Killing Assay

Neutrophils (5×106) were suspended in complete RPMI. Sample tubes contained cells suspended in complete RPMI and the respective bacteria at a MOI of 10∶1. Control tubes contained each type of bacteria in complete RPMI. All tubes were incubated at 37°C with constant rotation at 8 rpm. At 2 and 4 hours an aliquot was removed to 0.01% Triton X-100. Following serial dilutions, M. abscessus was plated on 7H10 supplemented with OADC plates and S. aureus was plated on LB plates, and incubated at 37°C. Colonies were counted for S. aureus at 16–20 hours and for M. abscessus at 48–72 hours after plating.

M. abscessus Phagocytosis

M. abscessus was washed, stained in PBS with 30 µg/ml FITC for 1 h at room temperature with constant agitation, and washed 3x with PBS. Neutrophils (1×106) and M. abscessus were mixed at an MOI of 10∶1 for 1 and 2 hours. Samples were washed twice to remove free bacteria, and fixed in 1% formaldehyde/3% sucrose. Extracellular fluorescence was quenched with 0.1% Trypan Blue for 10 min, washed, and resuspended in PBS. Analysis was performed on a FacsCalibur flow cytometer (BD Biosciences) using FloJo software (TreeStar).

Neutrophil Extracellular DNA Assay

Extracellular DNA associated with neutrophil extracellular trap (NET) formation was detected using a modification of the method of Fuchs et al. [29], as previously described [30]. Briefly, purified human neutrophils in complete RPMI were treated with each bacteria at an MOI of 2 at 37°C with rotation. At 4 hours for M. abscessus and 2 hours for S. aureus, limited nuclease digestion was performed with micrococcal nuclease (0.5 units/ml) for 10 minutes at 37°C. Nuclease activity was then stopped with 5 mM EDTA, and cellular debris was removed by centrifugation. DNA content was measured with the Quant-iT™ Picogreen assay (Invitrogen).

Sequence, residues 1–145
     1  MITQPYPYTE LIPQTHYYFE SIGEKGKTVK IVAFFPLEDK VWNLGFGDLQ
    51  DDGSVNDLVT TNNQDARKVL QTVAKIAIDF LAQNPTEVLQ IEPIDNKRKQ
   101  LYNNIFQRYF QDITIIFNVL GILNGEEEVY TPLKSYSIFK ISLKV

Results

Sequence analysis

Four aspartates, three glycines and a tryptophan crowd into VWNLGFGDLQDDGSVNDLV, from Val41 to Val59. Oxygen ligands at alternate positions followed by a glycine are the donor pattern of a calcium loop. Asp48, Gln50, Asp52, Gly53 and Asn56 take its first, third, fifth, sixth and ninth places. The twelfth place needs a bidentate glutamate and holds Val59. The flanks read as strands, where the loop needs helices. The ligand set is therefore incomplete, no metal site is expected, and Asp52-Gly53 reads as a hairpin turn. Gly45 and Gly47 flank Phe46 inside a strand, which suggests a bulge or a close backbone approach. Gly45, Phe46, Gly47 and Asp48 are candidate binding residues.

Neutrophil Death Analysis

Neutrophils in complete RPMI were stimulated with M. abscessus or S. aureus at an MOI of 10∶1 for 4 hours at 37°C with constant rotation at 8 rpm. As a control, neutrophils were also incubated in the same conditions solely with complete RPMI. Neutrophil necrosis was determined by the percent of total lactate dehydrogenase release using the Cytotoxicity Detection Kit (Roche) [31]. Apoptosis was quantified by immunoassay for cytoplasmic histone-associated DNA fragments (Roche) and reported as the percent of histone-bound DNA in a given sample relative to the level of histone-bound DNA detected in neutrophils in which apoptosis was induced by cycloheximide [31]; after cell lysis, this assay uniquely identifies soluble chromatin fragments that are characteristic of apoptotic cells.